Mr S Swart (ACDP) said that in the previous meeting the Committee had discussed protocols and a Memorandum of Understanding (MOU) between the departments, the drafters should look at putting something in the Regulations to cater for this. Having a ‘may’ could result in litigation against the Minister of Justice because there would not be an absolute obligation for consultations; this could result in the Regulations being struck down.
Mr Jeffery said that the ‘after consultation’ was a separate issue, whether it was ‘must’ or ‘may’ did not make any difference. There was no need to over legislate and things like protocols did not have to be catered for, these could be monitored. Would the Regulations come before Parliament for approval?
Mr Bassett said ‘yes’ and this was provided for in the Bill.
Mr Jeffery said that he preferred the deemed approval of the Regulations by Parliament. Why could the Committee not just say ‘the Minister ‘must’ make Regulations and the Minister ‘may’ make Regulations under Clauses 42(1)(a) and 42(1)(b) as well and then delete the ‘after consultation’.
Mr Bassett said that this was the way the Child Justice Act and Sexual Offences Act were drafted and it seemed to be a developing trend. Before it was always that the Minister ‘may’ or the Minister ‘must’ make Regulations and all this detail was not there. Perhaps it was time to have less complicated legislation.
Mr Jeffery said that the new trend was more viable. The Parliamentary approval was an adequate safeguard. All the ‘after consultation’ phrases should be deleted. The only issue would be that Clause 41(4) should be deleted and provided for under Clause 41(3). All the regulation-making powers should be kept away from the rest of the Bill and remain under the Regulations section.
Ms Schäfer said that Clause 41(4) as it was should be made into Clause 41(1)(b).
The Chairperson and Mr Bassett agreed.
The Chairperson asked if all the listed incumbents knew that they would be required to draft Regulations.
Mr Bassett said that they had already started, especially DSD.
Mr Jeffery confirmed that the Committee had taken out the letter of recognition for the recovery and reflection period and the Clause had to reflect this.
Ms Engela Steyn, DoJ&CD State Law Advisor, referred to Clause 43(3)(f) and said that the Committee had indicated on 6 September that the two responsibilities there had to be the prerogative of the Minister of DSD.
Mr Jeffery said that the Committee had indicated that the responsibility should be DSD’s as opposed to the accredited organisations which had to come out under the clause. It was more appropriate in terms of decentralisation that the responsibility of appeals was with the Provincial Member of the Executive Committee (MEC).The Committee had already decided that under Clause 43(3)(g) the responsibility should be with DSD. Officials were not a statutory collective like Ministers who met fortnightly therefore the consultation requirement for officials should remain at a Director-General (DG) level. Perhaps the words ‘must where applicable with the relevant department’ could also be used.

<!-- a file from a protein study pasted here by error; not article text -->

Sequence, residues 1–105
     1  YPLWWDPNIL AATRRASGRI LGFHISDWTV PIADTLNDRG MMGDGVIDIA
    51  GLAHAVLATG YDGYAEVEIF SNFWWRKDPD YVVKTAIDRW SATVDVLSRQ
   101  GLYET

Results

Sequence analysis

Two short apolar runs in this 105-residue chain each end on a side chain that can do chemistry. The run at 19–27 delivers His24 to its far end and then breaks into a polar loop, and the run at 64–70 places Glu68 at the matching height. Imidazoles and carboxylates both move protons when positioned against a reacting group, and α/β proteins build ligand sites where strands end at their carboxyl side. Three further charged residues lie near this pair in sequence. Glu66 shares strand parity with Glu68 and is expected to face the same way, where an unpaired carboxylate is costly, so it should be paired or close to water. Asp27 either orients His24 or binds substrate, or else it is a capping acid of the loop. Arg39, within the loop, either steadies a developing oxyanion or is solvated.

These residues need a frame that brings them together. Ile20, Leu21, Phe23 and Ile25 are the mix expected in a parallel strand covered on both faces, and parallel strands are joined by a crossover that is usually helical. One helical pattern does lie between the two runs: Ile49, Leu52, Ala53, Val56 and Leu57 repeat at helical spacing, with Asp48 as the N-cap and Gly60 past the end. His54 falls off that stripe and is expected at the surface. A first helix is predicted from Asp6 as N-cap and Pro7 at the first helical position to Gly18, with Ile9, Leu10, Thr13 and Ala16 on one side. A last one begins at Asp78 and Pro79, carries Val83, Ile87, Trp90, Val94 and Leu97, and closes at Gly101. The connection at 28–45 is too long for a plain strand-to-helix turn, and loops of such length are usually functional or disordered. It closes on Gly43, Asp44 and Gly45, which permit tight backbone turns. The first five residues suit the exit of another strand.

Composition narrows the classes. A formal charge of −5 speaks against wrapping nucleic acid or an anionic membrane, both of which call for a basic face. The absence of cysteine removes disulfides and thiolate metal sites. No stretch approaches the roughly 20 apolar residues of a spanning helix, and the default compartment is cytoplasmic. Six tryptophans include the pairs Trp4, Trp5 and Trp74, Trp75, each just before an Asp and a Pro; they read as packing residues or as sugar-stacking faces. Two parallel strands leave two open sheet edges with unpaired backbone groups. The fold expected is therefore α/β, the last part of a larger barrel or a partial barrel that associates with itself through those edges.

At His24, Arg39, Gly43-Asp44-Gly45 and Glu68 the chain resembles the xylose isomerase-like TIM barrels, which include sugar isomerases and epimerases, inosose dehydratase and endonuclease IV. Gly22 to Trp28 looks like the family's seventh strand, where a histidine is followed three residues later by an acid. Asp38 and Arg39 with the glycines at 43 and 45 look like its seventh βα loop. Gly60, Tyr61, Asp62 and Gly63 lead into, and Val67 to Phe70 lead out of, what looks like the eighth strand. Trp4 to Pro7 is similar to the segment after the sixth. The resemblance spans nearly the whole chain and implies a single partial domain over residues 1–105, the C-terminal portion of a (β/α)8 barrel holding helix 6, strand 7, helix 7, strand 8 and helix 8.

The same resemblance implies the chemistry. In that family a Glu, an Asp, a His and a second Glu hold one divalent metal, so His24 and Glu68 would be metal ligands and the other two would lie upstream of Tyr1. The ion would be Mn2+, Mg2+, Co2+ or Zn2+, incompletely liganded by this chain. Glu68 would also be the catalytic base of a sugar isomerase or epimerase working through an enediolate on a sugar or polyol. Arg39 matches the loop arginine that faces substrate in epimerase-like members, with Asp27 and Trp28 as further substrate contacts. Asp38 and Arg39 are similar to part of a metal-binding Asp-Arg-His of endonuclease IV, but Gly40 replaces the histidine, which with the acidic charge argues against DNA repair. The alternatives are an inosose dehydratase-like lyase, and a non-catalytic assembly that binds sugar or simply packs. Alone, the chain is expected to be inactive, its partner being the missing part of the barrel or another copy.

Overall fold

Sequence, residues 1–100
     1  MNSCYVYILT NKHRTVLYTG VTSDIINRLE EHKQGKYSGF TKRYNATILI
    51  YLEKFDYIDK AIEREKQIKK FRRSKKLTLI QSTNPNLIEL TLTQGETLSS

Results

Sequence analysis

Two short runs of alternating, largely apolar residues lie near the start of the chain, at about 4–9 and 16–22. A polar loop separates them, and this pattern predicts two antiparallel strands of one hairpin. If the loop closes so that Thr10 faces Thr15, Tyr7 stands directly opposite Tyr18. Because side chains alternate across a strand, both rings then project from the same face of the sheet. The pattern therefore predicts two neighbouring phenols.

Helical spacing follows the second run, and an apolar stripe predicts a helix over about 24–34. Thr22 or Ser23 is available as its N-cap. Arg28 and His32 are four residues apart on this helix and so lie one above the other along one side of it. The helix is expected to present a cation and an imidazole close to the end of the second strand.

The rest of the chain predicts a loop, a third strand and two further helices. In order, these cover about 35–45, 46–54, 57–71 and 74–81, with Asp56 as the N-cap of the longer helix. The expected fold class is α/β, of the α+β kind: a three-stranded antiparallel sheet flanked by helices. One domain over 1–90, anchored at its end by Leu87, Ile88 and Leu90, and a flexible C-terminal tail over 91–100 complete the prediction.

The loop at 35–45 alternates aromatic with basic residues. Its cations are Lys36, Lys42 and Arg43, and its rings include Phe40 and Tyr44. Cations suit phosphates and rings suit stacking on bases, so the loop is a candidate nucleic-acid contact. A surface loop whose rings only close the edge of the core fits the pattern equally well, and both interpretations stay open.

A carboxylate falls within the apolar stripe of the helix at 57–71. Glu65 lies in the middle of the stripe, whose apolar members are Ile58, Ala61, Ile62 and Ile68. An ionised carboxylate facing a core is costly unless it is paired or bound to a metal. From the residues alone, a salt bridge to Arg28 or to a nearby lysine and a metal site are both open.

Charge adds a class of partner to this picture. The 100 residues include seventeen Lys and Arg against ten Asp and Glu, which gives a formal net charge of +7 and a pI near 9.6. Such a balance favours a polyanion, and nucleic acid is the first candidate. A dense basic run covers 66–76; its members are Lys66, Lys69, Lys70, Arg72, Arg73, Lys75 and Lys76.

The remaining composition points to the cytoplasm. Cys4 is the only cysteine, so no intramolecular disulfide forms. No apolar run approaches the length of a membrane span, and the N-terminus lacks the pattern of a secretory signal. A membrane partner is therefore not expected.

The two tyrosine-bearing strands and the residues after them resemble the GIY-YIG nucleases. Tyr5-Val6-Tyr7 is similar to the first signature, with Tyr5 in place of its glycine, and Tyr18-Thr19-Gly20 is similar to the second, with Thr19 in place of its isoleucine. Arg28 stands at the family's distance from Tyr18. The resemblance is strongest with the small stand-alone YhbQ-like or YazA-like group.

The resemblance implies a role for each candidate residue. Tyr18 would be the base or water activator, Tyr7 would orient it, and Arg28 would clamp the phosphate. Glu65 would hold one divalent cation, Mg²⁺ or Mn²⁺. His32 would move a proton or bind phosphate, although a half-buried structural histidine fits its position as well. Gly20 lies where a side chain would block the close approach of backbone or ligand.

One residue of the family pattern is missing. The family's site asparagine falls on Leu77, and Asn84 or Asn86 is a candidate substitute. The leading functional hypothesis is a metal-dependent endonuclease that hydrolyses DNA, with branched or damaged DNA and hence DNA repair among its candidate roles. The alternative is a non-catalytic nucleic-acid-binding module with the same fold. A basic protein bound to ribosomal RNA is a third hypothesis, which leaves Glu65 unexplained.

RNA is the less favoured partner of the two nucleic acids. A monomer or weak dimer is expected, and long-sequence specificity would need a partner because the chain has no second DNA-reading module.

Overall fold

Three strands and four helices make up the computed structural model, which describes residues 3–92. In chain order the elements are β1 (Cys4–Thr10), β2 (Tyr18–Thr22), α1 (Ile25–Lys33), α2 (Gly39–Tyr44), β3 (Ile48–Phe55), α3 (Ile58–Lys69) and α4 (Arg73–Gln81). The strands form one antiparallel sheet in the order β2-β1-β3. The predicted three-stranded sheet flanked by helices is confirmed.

Ms Schäfer referred to Clause 44(7)(a)(i) and asked if DSD had any problems with publishing Directives.
Ms Steyn said they had never indicated that they had any problems.
Mr Jeffery said that the DoJ&CD Directives had to be tabled for 30 days, did this apply to all the other departments?
Mr Bassett replied that the Directives for the South African Police Service (SAPS) were not due for tabling.
Major-General Tertius Geldenhuys from SAPS cautioned about the publication of the SAPS Directives because it may enable traffickers or would-be traffickers to know how the police would deal with them and counter this.
Mr Bassett said that in other legislation similar SAPS Directives were not published either.
Ms Lowesa Stuurman, Researcher from the South African Law Reform Commission (SALRC), asked if the DG for Labour should not be tasked with the task of also providing the DG of the Department of Justice with relevant information. This was not covered in the Bill.
Mr Jeffery said that this was covered on page 67.
Mr Jeffery proposed that Clause 45 be accepted as it was currently amended.
The Chairperson agreed.
Mr Bassett said that there were certain provisions which the Department was saying should not be delegated.
Mr Jeffery asked that those provisions should be checked with the relevant DGs.
Ms Steyn said that the Committee had to take note that many of the amendments of the Acts in the Schedule were aimed at replacing the provisions of Section 71(1) or 71(2) of the Criminal Law (Sexual Offences) Amendment Act. Section 71(1) dealt with the offence of trafficking in persons for sexual purposes and Section 71(2) dealt with the offence of the involvement of trafficking in persons for sexual purposes.
Mr Bassett added that the Asset Forfeiture Unit (AFU) had requested a reference to the Prevention of Organised Crime Act (POCA) in the Schedule be added for the offences. This had been done.